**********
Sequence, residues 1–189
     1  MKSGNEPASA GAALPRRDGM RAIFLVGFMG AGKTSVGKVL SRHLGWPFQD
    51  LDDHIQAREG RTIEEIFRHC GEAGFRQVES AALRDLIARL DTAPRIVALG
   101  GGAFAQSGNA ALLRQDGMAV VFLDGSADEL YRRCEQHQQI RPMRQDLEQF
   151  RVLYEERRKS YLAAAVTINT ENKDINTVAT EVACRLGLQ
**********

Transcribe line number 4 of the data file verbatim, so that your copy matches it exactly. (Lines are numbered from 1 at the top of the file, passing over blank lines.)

   101  GGAFAQSGNA ALLRQDGMAV VFLDGSADEL YRRCEQHQQI RPMRQDLEQF